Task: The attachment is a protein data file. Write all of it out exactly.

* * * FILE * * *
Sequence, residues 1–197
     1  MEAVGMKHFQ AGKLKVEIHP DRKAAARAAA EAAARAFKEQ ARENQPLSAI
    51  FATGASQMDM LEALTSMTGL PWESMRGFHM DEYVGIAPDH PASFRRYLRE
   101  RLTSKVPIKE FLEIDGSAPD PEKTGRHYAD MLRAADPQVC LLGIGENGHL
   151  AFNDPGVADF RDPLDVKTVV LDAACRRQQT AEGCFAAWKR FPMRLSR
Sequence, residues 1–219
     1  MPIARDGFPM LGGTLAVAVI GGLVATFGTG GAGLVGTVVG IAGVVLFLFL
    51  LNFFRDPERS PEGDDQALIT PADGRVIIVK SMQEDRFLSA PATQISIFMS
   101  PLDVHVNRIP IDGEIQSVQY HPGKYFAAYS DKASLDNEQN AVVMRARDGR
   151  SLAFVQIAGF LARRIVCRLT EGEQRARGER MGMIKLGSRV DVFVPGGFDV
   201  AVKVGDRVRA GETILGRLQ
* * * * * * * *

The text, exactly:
Sequence, residues 1–197
     1  MEAVGMKHFQ AGKLKVEIHP DRKAAARAAA EAAARAFKEQ ARENQPLSAI
    51  FATGASQMDM LEALTSMTGL PWESMRGFHM DEYVGIAPDH PASFRRYLRE
   101  RLTSKVPIKE FLEIDGSAPD PEKTGRHYAD MLRAADPQVC LLGIGENGHL
   151  AFNDPGVADF RDPLDVKTVV LDAACRRQQT AEGCFAAWKR FPMRLSR
Sequence, residues 1–219
     1  MPIARDGFPM LGGTLAVAVI GGLVATFGTG GAGLVGTVVG IAGVVLFLFL
    51  LNFFRDPERS PEGDDQALIT PADGRVIIVK SMQEDRFLSA PATQISIFMS
   101  PLDVHVNRIP IDGEIQSVQY HPGKYFAAYS DKASLDNEQN AVVMRARDGR
   151  SLAFVQIAGF LARRIVCRLT EGEQRARGER MGMIKLGSRV DVFVPGGFDV
   201  AVKVGDRVRA GETILGRLQ